Joining the Dots (JTD)


Australia's degree-qualified workforce: Contributions of the Australian higher education system and overseas migration

Publication Date



Higher education, Labour force, Employment, Employment qualifications, Occupational analysis, Employment statistics, Migrant workers, Degrees (Academic)


(Joining the dots : research briefing ; v.3 n.6)


The current composition of the degree-qualified labour force in Australia reflects a combination of a range of factors, most notably the operation over time of the domestic higher education system and the migration system. While policies in each of these areas influence the extent and mix of skills in the Australian workforce, analyses of higher education and migration policies often focus on one or the other of these areas in relative isolation. Given the central importance of a skilled workforce to Australia's future as an innovative economy, the intertwined effects of policies in each of these areas must be recognised. This Joining the Dots briefing aims to inform this debate by presenting evidence on the changing balance of skills from domestic and migrant sources in recent years, and comparing the labour market outcomes of persons who obtained their qualifications domestically with those of skilled migrants. The focus is on persons holding a bachelor degree or higher qualification, and occupations with a level of skill commensurate with these qualifications, which comprise the majority of managerial and professional occupations in Australia (ABS, 2006). It should be noted that this is wider than some definitions of skilled work, which also include technical and trade occupations.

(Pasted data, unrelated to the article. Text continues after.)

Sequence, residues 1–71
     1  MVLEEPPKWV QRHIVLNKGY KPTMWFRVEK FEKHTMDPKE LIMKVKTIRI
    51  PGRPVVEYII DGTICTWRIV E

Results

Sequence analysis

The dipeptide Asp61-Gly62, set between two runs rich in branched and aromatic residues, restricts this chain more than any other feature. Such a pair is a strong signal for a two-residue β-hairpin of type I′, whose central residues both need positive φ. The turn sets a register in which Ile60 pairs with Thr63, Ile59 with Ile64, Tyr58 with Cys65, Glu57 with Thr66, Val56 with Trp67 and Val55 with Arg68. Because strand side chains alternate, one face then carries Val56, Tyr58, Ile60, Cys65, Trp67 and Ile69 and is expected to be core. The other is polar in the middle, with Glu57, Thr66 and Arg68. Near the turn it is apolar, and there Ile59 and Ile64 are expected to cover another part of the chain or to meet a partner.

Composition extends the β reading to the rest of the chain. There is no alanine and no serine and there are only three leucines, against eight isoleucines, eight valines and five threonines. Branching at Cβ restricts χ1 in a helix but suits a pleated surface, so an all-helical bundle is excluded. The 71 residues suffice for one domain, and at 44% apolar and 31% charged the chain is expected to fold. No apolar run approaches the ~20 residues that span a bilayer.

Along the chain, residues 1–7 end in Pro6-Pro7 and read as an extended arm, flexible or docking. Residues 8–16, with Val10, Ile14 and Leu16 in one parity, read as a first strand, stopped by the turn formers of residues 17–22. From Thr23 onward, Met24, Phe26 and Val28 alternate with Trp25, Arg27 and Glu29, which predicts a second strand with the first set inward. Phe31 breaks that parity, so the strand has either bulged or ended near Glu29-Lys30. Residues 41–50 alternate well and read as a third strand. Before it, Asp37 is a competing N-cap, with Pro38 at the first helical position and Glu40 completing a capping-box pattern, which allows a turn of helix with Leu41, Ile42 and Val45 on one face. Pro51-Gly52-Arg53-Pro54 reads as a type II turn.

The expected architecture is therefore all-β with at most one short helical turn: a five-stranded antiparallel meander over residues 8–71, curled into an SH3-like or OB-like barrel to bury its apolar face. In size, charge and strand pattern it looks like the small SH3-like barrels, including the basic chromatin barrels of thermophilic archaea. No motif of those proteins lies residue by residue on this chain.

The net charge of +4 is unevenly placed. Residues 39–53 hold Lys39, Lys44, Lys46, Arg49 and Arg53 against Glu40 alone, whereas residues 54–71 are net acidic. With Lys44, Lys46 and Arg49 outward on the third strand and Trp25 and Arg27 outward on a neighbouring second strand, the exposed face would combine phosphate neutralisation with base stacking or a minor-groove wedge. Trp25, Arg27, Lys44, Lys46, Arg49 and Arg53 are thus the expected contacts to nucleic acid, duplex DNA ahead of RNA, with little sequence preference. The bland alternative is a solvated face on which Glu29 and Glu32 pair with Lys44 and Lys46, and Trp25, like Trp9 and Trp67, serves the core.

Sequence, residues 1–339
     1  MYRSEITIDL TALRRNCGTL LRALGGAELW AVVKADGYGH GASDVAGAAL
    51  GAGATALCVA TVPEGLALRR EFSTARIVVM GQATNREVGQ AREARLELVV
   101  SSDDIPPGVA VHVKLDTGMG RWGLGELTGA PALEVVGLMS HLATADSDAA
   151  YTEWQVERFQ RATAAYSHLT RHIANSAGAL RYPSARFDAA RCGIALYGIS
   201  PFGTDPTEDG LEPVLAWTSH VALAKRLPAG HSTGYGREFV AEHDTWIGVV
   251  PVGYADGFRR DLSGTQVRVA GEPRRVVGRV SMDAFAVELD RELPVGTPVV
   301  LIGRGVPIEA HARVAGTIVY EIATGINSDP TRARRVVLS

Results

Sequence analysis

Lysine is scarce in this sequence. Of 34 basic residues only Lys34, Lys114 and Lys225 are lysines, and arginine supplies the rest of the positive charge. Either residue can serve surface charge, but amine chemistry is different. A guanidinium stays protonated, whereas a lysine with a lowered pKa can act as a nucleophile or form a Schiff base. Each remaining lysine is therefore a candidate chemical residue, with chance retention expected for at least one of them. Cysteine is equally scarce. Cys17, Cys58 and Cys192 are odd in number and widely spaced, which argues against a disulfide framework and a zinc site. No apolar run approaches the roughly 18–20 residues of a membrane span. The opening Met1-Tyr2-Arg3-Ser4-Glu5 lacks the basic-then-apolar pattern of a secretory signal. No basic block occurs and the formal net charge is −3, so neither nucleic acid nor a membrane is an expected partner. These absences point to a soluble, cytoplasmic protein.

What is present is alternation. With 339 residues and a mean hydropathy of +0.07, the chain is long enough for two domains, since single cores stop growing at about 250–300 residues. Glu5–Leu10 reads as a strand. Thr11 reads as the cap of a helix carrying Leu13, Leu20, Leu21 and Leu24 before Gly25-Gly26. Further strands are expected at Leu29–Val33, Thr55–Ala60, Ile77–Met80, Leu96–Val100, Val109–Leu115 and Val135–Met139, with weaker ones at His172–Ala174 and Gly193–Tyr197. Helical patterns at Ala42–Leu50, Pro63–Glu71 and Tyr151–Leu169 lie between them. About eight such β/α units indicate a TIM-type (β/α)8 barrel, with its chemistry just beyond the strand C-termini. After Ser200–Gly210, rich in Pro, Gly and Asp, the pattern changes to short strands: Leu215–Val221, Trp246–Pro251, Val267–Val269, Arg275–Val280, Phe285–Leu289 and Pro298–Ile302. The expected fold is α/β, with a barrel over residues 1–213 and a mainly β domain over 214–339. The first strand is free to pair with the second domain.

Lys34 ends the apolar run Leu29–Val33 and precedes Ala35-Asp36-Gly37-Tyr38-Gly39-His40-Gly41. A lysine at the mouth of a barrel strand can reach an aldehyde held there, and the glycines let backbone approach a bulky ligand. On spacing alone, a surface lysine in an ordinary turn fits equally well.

Place of Publication



Australian Council for Educational Research (ACER)



Geographic Subject